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I have this small program that I found in an exam subject of an OS course.

void * func (void * p) {
    int n = p;
    printf("%d \n",n);
    return NULL;

int main() {
    int i;
    pthread_t t[3];
    for(i=0; i<3; i+=1)
        pthread_create(&t[i] ,NULL, func, (void*)i);
    return 0;

When I run it, I get the following results (with a new line after each digit):

1st run : 0 0
2nd run : 1 0 2 2
3rd run : 0 1 1

Why does it print 4 digits when I only create 3 threads. And how can it print duplicates?

The code is compiled with gcc in Ubuntu.

screenshot of the terminal

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I've been experimenting with this program, and I cannot reproduce the behaviour. –  NPE Jan 27 '13 at 23:37
i didn't get them in that exact order, most of the runs i didn't get any output(which is understandable, because the main process ends before the created threads are executed), sometimes i got 0, 0 1 , 0 2 ,2 0 (which are also expected). But I can't see how i could get the above outputs. I will upload a screen shot of the terminal to prove it. –  Sbiera Bogdan Jan 27 '13 at 23:39
Maybe the parent thread terminates before the children? –  user000001 Jan 27 '13 at 23:40
Please also include the exact command line you give to your compiler when building the code. –  NPE Jan 27 '13 at 23:40
Since you haven't joined with main thread, it's expected to get less than 3 values printed for some runs when main threads exits before others. But I don't know how this will ever print 4 values in any run. –  Blue Moon Jan 27 '13 at 23:43
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2 Answers 2

up vote 7 down vote accepted

You do not join your threads before exiting main(). Add the following into main():

for(i=0; i<3; i+=1)
    pthread_join(t[i], NULL);

Not joining the threads leads to undefined behavior when the threads continue to execute while the program is exiting. Undefined behavior is free to do anything, including printing duplicates.

Think of it this way, the void* that is passed to the thread is stored somewhere, and once you prematurely exit main you could be destructing the data to pass to the thread, at which point it can take on any value (including duplicate ones). But this isn't even worth trying to explain since it is undefined behavior.

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Do you happen to have a reference for Not joining the threads leads to undefined behavior when your pthread_ts are destructed while the thread they're associated with runs in the background.? –  NPE Jan 27 '13 at 23:50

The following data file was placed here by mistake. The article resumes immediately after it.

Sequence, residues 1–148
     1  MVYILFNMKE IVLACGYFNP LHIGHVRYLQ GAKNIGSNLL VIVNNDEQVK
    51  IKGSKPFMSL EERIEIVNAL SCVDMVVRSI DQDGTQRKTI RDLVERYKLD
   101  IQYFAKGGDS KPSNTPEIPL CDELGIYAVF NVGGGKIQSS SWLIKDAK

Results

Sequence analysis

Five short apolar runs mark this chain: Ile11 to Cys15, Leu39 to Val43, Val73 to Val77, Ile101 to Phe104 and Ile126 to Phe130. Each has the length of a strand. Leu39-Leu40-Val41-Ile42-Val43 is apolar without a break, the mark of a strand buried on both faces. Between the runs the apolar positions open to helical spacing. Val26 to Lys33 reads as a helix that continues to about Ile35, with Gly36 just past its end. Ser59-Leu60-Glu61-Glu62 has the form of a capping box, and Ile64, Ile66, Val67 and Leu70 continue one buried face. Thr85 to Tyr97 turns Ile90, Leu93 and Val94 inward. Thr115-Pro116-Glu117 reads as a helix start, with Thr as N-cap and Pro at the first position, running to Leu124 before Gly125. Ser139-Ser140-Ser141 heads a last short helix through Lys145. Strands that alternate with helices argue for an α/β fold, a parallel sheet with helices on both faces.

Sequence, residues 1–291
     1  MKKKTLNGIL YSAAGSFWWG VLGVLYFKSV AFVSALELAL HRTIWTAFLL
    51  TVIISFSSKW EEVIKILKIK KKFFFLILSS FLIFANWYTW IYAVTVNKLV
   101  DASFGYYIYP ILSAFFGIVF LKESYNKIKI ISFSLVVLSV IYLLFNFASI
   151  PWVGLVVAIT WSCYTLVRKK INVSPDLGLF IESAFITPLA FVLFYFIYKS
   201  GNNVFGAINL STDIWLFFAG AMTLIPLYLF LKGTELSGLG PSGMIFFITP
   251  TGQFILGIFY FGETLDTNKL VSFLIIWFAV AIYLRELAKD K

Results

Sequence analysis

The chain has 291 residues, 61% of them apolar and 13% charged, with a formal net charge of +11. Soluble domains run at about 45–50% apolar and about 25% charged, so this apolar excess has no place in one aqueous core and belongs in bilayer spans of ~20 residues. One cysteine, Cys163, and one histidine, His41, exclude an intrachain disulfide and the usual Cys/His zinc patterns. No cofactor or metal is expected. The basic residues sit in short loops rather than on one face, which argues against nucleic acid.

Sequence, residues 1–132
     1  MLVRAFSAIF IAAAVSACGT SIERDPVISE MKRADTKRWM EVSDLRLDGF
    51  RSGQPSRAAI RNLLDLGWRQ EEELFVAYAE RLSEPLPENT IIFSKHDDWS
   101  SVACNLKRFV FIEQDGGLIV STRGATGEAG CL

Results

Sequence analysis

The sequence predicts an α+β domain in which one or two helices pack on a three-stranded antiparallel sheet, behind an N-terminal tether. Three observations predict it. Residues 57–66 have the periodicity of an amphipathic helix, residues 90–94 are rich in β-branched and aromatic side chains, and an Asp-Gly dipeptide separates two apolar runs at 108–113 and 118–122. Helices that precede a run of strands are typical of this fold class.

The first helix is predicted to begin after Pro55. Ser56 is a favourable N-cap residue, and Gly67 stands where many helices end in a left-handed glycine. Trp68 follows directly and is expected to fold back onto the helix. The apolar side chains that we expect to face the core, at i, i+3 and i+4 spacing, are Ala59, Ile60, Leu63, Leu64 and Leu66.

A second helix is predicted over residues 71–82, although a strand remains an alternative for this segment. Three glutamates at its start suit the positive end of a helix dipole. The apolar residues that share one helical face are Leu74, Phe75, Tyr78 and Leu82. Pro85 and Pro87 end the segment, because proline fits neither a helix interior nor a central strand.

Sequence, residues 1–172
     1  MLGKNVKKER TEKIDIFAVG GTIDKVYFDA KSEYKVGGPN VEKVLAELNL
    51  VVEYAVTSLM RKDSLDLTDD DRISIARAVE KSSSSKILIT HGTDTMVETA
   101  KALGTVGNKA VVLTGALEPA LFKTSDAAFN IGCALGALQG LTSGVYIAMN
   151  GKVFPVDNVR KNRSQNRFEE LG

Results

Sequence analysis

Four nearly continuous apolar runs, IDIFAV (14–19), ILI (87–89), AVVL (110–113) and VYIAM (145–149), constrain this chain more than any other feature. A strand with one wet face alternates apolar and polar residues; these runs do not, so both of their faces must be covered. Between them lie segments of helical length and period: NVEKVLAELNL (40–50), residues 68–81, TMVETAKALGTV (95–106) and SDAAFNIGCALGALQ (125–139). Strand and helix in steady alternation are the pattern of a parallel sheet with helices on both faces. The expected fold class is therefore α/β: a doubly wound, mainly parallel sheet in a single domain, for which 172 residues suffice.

Well, undefined behavior often can be explained, knowing what's going on under the hood (i.e. going besides the specs and looking at the implementation). The problem here is that it's particularly complicated to dissect the problem, since the behavior is substantially non-deterministic. –  Matteo Italia Jan 27 '13 at 23:51
@Matteo Removed the unexplainable part to avoid confusion. –  JaredC Jan 27 '13 at 23:55
@JaredC: +1, then :) –  Matteo Italia Jan 27 '13 at 23:56
@NPE I removed that bit since technically pthread_t is just an identifier, and I won't go into the details of launching a thread. –  JaredC Jan 28 '13 at 0:00
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return from the main function is equivalent to a call to exit and terminates the whole process. So its more or less random which output makes it through to your screen. You should do one of the following

  • join all threads that you create
  • call pthread_exit at the end of main instead of calling exit or using return
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in the exam, this code is given , and it asks which of the following will print : ()()()0 0. ALWAYS/SOMETIMES/NEVER ()()()Nothing. ALWAYS/SOMETIMES/NEVER ()()()2 0 0 ALWAYS/SOMETIMES/NEVER ()()()0 1 2 ALWAYS/SOMETIMES/NEVER ()()(_)2 0 . ALWAYS/SOMETIMES/NEVER and i would have answered that i could never output 0 0 (but after i ran the code i was proven wrong) –  Sbiera Bogdan Jan 27 '13 at 23:50
@user2016514, with the answers you should be able to find that out. –  Jens Gustedt Jan 27 '13 at 23:53
Since you got into UB, the correct reply is "sometimes" for every one. Actually, running the executable in a loop it managed to produce 0�:զ����������%զ�@������զ�� �����������:զ���������'զ�����զ�զ�զ�զ��!զ��"զ�#զ��桦��Ԧ�����wg70 (and other random garbage as well). –  Matteo Italia Jan 27 '13 at 23:53
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